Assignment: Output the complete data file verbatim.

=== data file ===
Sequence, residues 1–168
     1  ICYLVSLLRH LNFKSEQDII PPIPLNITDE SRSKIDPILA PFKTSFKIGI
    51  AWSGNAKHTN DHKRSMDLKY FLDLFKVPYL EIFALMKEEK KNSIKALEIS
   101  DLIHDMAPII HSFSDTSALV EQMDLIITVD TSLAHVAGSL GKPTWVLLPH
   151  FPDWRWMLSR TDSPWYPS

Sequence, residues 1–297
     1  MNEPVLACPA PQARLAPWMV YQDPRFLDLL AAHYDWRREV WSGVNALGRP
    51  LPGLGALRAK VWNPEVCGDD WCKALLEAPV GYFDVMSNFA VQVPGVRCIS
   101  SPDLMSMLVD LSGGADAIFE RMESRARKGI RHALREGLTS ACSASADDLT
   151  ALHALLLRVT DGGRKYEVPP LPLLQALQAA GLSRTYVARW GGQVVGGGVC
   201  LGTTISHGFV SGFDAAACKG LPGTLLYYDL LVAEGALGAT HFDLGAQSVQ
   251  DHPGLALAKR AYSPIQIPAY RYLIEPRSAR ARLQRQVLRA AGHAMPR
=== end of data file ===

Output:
Sequence, residues 1–168
     1  ICYLVSLLRH LNFKSEQDII PPIPLNITDE SRSKIDPILA PFKTSFKIGI
    51  AWSGNAKHTN DHKRSMDLKY FLDLFKVPYL EIFALMKEEK KNSIKALEIS
   101  DLIHDMAPII HSFSDTSALV EQMDLIITVD TSLAHVAGSL GKPTWVLLPH
   151  FPDWRWMLSR TDSPWYPS

Sequence, residues 1–297
     1  MNEPVLACPA PQARLAPWMV YQDPRFLDLL AAHYDWRREV WSGVNALGRP
    51  LPGLGALRAK VWNPEVCGDD WCKALLEAPV GYFDVMSNFA VQVPGVRCIS
   101  SPDLMSMLVD LSGGADAIFE RMESRARKGI RHALREGLTS ACSASADDLT
   151  ALHALLLRVT DGGRKYEVPP LPLLQALQAA GLSRTYVARW GGQVVGGGVC
   201  LGTTISHGFV SGFDAAACKG LPGTLLYYDL LVAEGALGAT HFDLGAQSVQ
   251  DHPGLALAKR AYSPIQIPAY RYLIEPRSAR ARLQRQVLRA AGHAMPR